After our day without shoes we had a chat after dinner. I had been thinking about whether being shoeless for the day actually made any difference in any one's lives. Curious about what the kids were thinking, I started a conversation--a day without shoes debriefing... "So, we went without shoes for the day, but what came from it?"
Some blank stares, some thoughtful looks--then this reply from Elijah. "Welllll, we all got really dirty feet and Jojo got a splinter."
Yeah, I guess that sums it up pretty well. Kids are so literal. So I pressed a little more, wondering if they would come to the same conclusion that I had. "Right. Do more people in Ethiopia have shoes because we went without shoes for a day?"
All heads are shaking. Elijah, again, is ever so helpful, "Why don't we buy some TOMS shoes so that they can send one pair to Ethiopia?"
"Great idea, except I counted my shoes and I'm ashamed to admit that I have 44 pairs. So I don't really need another pair. And I'm pretty sure we could buy lots of shoes for the price of two pairs from TOMS. What else could we do?" I'm totally leading them, but want them to see where I'm coming from.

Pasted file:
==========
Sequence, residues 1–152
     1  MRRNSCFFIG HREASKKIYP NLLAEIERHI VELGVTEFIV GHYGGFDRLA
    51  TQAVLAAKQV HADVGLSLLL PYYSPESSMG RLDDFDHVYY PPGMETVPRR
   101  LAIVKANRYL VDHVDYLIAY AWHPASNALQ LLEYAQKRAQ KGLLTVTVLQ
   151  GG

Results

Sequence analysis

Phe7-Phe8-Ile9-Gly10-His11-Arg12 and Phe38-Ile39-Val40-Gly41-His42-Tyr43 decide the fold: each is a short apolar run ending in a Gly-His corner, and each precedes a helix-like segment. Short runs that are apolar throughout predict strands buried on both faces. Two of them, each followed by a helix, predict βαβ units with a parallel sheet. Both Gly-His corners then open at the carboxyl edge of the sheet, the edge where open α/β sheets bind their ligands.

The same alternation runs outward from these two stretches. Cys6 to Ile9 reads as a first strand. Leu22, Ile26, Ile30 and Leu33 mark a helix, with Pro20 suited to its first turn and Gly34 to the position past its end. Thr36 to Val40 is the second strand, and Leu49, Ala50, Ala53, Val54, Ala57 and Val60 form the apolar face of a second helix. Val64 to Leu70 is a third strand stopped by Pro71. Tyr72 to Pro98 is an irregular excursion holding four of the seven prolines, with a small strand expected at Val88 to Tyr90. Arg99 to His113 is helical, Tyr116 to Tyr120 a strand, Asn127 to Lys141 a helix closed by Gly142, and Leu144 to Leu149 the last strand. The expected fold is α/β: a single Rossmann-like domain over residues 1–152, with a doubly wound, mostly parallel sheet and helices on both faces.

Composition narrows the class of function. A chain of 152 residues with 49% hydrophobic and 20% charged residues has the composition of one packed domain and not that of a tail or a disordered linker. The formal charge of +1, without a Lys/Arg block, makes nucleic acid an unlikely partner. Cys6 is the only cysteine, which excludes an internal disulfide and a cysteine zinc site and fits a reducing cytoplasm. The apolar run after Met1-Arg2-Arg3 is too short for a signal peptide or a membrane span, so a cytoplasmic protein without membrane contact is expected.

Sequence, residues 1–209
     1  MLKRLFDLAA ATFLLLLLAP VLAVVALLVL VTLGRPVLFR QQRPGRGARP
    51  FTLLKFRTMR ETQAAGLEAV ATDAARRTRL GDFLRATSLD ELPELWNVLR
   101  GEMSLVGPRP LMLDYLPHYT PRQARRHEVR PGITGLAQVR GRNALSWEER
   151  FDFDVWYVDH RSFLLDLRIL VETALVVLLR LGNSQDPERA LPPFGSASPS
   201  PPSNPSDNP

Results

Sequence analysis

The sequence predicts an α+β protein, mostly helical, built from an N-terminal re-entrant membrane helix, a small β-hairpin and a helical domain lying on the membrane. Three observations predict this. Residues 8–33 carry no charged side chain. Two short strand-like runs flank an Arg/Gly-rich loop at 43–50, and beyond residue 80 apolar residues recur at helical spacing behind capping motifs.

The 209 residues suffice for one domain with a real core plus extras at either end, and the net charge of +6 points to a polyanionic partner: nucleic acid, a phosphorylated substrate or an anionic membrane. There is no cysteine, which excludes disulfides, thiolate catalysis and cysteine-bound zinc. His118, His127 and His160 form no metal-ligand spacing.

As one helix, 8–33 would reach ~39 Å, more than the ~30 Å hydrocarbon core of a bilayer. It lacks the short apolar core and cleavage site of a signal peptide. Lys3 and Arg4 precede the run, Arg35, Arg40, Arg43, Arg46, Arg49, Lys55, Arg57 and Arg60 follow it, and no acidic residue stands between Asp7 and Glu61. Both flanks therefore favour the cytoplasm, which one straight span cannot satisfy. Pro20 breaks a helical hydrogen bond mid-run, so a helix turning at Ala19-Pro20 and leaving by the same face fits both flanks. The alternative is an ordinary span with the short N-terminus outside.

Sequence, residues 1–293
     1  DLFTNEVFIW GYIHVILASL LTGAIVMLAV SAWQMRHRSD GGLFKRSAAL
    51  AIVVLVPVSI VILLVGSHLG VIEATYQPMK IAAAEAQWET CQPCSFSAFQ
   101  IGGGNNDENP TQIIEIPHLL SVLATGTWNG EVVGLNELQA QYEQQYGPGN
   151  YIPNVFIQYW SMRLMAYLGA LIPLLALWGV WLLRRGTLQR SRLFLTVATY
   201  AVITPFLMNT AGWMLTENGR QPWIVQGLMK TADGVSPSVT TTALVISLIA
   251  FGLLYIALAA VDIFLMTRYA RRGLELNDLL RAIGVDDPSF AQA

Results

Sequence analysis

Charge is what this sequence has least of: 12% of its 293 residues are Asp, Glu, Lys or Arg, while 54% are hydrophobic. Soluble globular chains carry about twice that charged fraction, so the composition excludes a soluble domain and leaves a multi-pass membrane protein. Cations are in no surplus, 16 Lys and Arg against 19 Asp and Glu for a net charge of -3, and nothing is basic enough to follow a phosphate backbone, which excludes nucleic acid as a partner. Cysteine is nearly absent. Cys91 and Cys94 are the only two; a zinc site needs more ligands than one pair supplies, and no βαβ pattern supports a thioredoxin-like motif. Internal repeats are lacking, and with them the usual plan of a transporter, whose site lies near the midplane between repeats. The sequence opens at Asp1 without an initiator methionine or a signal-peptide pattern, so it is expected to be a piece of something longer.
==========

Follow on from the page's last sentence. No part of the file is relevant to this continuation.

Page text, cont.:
Lots of ideas including sending our extra shoes to Ethiopia and (from Eli again) eating only baked beans to save money. I latched onto the latter idea. Sort of. I've told the kids that if we ate less expensive food, we'd have more money to give away. Joking I once told them that if we ate rice and beans everyday we would save tons. Which is true. Eli loves baked beans so he put his spin on the money saving bean eating idea.
After further discussion we all agreed that we would start saving money by making better choices and doing extra chores. I will put the saved money into an envelope for shoes. I'm going to send the money to Jill's sister, Katy, who will buy shoes during her month in Ethiopia this summer. It seems, to me, to be the most efficient way to bless shoeless people in Ethiopia.